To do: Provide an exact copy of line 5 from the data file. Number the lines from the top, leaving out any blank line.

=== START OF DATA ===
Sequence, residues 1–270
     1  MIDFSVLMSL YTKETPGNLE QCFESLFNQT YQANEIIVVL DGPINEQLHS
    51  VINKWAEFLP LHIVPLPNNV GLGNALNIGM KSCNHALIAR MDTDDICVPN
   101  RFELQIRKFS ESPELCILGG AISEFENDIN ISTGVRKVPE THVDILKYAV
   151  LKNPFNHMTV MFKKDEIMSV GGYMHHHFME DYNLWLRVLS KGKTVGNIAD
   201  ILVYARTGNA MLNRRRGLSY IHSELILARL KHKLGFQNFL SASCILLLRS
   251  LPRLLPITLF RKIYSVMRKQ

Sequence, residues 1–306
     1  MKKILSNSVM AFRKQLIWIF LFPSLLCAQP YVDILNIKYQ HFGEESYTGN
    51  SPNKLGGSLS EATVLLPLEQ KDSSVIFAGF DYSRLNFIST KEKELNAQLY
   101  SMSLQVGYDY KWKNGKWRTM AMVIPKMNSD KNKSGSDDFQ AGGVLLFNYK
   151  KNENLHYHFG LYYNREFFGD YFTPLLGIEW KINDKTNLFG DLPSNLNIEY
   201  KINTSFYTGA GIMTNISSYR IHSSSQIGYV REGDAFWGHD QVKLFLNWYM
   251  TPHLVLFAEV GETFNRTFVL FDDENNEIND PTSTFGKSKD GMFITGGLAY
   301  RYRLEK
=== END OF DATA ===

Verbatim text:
   151  LKNPFNHMTV MFKKDEIMSV GGYMHHHFME DYNLWLRVLS KGKTVGNIAD